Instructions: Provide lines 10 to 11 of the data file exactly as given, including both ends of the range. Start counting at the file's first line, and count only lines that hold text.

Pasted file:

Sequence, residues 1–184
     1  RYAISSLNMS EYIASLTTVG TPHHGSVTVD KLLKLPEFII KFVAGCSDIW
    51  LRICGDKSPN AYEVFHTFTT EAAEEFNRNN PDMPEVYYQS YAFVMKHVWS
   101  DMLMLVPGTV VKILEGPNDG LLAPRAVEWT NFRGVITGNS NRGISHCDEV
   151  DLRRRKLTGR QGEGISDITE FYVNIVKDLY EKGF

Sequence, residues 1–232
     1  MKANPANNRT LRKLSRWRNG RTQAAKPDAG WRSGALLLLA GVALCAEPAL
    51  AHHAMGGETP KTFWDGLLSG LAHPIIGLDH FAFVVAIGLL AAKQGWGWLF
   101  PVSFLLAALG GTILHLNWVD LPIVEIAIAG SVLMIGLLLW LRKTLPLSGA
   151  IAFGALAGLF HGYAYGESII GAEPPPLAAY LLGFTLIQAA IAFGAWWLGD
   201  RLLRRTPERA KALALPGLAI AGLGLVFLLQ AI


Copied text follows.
   151  IAFGALAGLF HGYAYGESII GAEPPPLAAY LLGFTLIQAA IAFGAWWLGD
   201  RLLRRTPERA KALALPGLAI AGLGLVFLLQ AI